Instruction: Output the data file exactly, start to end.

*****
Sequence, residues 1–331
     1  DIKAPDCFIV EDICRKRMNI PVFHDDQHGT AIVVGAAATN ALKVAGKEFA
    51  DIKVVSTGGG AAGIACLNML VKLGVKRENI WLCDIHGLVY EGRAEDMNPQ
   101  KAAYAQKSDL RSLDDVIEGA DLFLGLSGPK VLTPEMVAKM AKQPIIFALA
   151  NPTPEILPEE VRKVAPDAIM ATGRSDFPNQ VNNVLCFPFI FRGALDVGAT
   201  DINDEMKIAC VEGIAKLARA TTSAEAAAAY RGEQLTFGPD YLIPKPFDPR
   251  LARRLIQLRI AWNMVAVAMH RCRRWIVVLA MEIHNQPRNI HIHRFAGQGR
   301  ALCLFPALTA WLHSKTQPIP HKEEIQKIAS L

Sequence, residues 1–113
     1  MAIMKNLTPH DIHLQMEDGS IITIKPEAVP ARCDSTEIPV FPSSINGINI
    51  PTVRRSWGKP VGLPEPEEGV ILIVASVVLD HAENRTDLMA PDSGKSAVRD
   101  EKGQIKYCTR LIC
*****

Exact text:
Sequence, residues 1–331
     1  DIKAPDCFIV EDICRKRMNI PVFHDDQHGT AIVVGAAATN ALKVAGKEFA
    51  DIKVVSTGGG AAGIACLNML VKLGVKRENI WLCDIHGLVY EGRAEDMNPQ
   101  KAAYAQKSDL RSLDDVIEGA DLFLGLSGPK VLTPEMVAKM AKQPIIFALA
   151  NPTPEILPEE VRKVAPDAIM ATGRSDFPNQ VNNVLCFPFI FRGALDVGAT
   201  DINDEMKIAC VEGIAKLARA TTSAEAAAAY RGEQLTFGPD YLIPKPFDPR
   251  LARRLIQLRI AWNMVAVAMH RCRRWIVVLA MEIHNQPRNI HIHRFAGQGR
   301  ALCLFPALTA WLHSKTQPIP HKEEIQKIAS L

Sequence, residues 1–113
     1  MAIMKNLTPH DIHLQMEDGS IITIKPEAVP ARCDSTEIPV FPSSINGINI
    51  PTVRRSWGKP VGLPEPEEGV ILIVASVVLD HAENRTDLMA PDSGKSAVRD
   101  EKGQIKYCTR LIC